He is also proud to be the Chair of the Humber Theatre program’s Advisory Committee and the Vice Chair of the Board for the Canadian Contemporary Dance Theatre.
Gideon Arthurs is the CEO of the National Theatre School of Canada (NTS), the only institution in the country entirely devoted to providing professional training in all of the theatre crafts, in both official languages. NTS’s conservatory programs in Acting, Directing, Playwriting, Production and Set and Costume Design help young artists become leaders in the industry.
Before joining NTS, Gideon Arthurs served as General Manager of Tarragon Theatre in Toronto for close to three years, where he led several important projects including improvements of the theatre’s equipment and facilities, as well as a major audience engagement program. Before that, he was the Executive Director of the Toronto Fringe Festival during a period that saw the development of a second festival presented by the organization, significant growth of the flagship festival, and the creation of a subsidized rehearsal space for independent artists.
He is past President of the Small Theatre Administrative Facility (STAF), the former Vice-President of the Toronto Alliance for the Performing Arts (TAPA) and was a member of the Labour Relations Committee at the Professional Association of Canadian Theatres (PACT). Previously, he served as President of the Paprika Festival, Treasurer of Public Recordings Performance, and Secretary of Pleiades Theatre. He is the founding Artistic Producer of the independent theatre company Groundwater Productions, and has worked extensively as a teacher and consultant in the field. Most importantly, he is the father of two amazing children and the husband of a genius playwright.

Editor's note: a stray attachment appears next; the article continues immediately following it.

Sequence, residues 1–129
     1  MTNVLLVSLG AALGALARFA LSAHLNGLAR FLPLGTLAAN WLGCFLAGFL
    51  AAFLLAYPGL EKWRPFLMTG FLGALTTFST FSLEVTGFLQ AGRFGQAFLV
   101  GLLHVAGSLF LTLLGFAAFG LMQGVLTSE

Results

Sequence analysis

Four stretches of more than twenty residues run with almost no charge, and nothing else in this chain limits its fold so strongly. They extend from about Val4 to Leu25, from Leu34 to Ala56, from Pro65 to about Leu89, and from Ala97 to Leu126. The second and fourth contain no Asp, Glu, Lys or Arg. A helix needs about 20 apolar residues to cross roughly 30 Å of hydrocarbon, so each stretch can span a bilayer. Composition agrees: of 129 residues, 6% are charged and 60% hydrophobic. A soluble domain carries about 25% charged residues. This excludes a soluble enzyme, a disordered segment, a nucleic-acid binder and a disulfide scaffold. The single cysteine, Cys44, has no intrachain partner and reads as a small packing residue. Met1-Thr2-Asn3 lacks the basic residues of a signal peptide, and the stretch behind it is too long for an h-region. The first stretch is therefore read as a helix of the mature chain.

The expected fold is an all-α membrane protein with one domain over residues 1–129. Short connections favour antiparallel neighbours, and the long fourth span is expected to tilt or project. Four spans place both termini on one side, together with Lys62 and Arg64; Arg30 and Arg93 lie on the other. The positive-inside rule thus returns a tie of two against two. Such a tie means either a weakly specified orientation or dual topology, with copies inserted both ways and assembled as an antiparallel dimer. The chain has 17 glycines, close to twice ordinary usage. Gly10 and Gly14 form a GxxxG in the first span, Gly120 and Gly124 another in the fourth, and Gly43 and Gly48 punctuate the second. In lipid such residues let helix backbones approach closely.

Inspired by the wish to create impressionistic theatrical experiences, Geneviève L. Blais founded the Théâtre à corps perdus in 2003, with a group of like-minded artists whom she met while at the National Theatre School of Canada. Through this company, she explores contemporary writing that evokes things for which we cannot find the words, things for which we have no words. Her approach leaves a central place for the writing of the body, in dialogue with the architecture of the space.
Drawn to work in significant urban sites, she is now engaged in a work-in-progress of short, site-specificplays, the first of which will be created in collaboration with the writer Naïma Phillips, and titled Rendezvous No. 1: daycare class. She has orchestrated happenings in unusual places, including an urban ambulatory piece inspired by first-hand accounts, entitled Perdu/Trouvé (Festival l’Écho d’un fleuve, 2009) and two short sight-specific pieces: Chevreuil by Catherine Léger(Festival L’Écho d’un fleuve, 2010) and Portrait of a Dreamed Life by Dominick Parenteau-Lebeuf (Festival d’Innovationthéâtrale de l’Assomption, 2005).She is currently preparing the French-language premiere of Erin Shields’ disturbing contemporary tragedy, If We Were Birds, for the fall of 2015 at Théâtre Prospéro.